Fantasy

7 Overvalued Players in Fantasy Baseball 2017

With the fantasy baseball season underway, it’s a good time to take a look at players that are usually overvalued. Last week, Stephen Strasburg and Billy Hamilton were profiled as the two most overrated players in all of baseball. Today, we dive deeper and profile seven more players who are overvalued.

1. Joey Votto, 1st Base, Cincinnati Reds – Joey Votto is an incredibly talented hitter with an elite batting eye. That statement might lead some to wonder “Well, than why is he being mentioned in this article?” The short answer is in the second half of that first sentence: His elite batting eye. Every year you find Votto’s name at or near the top of the walks category. That’s great and all, but it doesn’t help fantasy owners unless you play in a league with walks or on-base percentage as categories. Unless the bases are loaded, a walk is just a walk in fantasy. It doesn’t raise your batting average or score you a run.

Over the last two seasons no player has taken a walk as much as Votto has. His 251 walks easily leads the majors over that span. All those walks have kept his power numbers in check however. First base is a position of power. Votto does have plus power which is evident when you see his career .535 slugging percentage. However, due to all the walks, he has only hit over 30 home runs once in his career way back in 2010. In fantasy, Votto gets valued like an elite first baseman, which he’s not. He’s a step below the elite power 1st base options like Miguel Cabrera, Anthony Rizzo, etc.

2. Hanley Ramirez, 1st Base, Boston Red Sox – One of the most frustrating players to own in fantasy year in and year out has to be Hanley Ramirez. He’s one of the most talented hitters that we’ve seen over the past decade, but he just can’t stay on the field for a full season. If his middle name isn’t fragile, it should be. It just so happens that 2016 was Ramirez’s first season of more than 500 at bats since way back in 2010. Another issue for him has been between the ears. Ramirez has always been difficult to put it nicely and it seemed like good pal David Ortiz had a huge influence on Hanley last season. Sadly, Ortiz is now retired and Hanley no longer has his good buddy keeping him in line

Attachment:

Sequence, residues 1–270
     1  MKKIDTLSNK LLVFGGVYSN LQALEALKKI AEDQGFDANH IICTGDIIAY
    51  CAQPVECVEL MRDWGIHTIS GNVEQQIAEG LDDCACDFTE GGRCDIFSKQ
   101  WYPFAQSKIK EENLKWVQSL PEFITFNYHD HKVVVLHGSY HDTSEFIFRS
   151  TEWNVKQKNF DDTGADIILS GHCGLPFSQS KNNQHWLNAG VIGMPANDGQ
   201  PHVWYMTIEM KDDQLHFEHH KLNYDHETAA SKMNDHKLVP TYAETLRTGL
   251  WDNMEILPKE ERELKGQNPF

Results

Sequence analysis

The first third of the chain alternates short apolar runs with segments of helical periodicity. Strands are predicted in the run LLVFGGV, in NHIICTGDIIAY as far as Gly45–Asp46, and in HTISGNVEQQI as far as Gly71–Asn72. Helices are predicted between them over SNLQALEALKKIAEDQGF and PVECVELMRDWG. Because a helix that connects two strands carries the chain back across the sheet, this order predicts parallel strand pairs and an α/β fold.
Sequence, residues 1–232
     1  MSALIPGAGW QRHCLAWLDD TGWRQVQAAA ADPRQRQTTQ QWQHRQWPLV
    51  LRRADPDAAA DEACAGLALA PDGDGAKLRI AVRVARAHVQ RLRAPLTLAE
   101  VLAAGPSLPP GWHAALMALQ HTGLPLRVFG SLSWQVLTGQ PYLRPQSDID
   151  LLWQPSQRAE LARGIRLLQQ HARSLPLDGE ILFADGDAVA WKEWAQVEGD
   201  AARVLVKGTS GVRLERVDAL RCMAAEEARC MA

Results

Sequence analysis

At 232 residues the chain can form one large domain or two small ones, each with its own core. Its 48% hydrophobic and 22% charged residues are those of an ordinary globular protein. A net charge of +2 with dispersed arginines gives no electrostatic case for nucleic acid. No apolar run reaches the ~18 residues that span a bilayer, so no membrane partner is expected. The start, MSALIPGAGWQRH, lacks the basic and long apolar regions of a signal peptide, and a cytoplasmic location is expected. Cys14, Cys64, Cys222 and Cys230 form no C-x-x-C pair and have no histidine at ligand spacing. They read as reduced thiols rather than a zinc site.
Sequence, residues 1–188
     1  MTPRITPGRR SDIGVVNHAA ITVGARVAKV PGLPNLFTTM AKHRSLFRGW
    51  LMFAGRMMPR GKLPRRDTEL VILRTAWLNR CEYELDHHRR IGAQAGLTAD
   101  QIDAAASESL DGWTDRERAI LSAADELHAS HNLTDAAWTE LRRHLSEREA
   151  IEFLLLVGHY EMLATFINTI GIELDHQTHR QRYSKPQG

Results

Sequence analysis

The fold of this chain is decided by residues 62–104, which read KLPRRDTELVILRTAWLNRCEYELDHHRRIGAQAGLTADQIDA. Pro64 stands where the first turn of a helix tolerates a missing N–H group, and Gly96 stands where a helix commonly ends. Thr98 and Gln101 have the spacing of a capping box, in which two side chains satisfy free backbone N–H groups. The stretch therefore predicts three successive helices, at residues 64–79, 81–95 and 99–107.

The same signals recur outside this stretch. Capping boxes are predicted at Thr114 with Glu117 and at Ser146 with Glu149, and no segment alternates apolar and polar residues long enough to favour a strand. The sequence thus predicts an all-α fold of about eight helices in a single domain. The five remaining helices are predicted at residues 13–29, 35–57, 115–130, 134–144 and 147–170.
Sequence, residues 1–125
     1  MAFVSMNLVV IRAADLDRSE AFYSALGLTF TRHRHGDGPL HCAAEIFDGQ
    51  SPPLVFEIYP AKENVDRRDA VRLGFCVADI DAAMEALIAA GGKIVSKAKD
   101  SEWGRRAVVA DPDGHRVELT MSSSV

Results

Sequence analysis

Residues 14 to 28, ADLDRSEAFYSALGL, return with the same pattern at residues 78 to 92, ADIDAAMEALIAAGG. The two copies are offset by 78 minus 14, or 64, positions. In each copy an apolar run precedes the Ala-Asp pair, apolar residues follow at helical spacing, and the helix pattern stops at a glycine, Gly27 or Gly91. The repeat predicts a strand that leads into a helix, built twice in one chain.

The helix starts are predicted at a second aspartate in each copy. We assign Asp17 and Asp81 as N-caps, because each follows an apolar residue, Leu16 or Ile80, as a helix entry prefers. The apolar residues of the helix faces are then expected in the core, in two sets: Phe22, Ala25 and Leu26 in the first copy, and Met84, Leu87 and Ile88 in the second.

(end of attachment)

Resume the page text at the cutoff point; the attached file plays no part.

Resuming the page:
A slow start in the power department left him with only four homers at the end of May. The last four months of the season, however, became the Hanley show and he ended up finishing with 30 bombs for the first time since 2008. A lot of things went right for Ramirez last season which led to his value rising significantly this season. Unless a lot goes right again this year, he’s going to have a hard time matching his 2016 value.

3. Trea Turner, Short Stop, Washington Nationals – The hot name entering 2016 was Carlos Correa. After an impressive debut, he was being taken in the back end of the first round of drafts last year. White Correa put up a solid season, it wasn’t as good as many had hoped. Fast forward a year and that’s exactly what’s happening to Turner. He burst onto the scene last year mid-season and dazzled the rest of the way. His .342 average, 13 steals, and 33 steals vaulted him into the first round of drafts this season.

Everybody wanted a piece of this kid, expecting him to be the next superstar in this league. He probably will be a superstar and first round talent for many years to come, but slow down for just a second. Turner is still only 23 and has a total of 347 major league at bats under his belt. The speed should continue to show regularly but don’t expect him to start mashing homers. He never was a big power hitter in college or in the minors where his highest HR total was a mere eight. Turner is going to be a special player, just keep expectations in check for this year.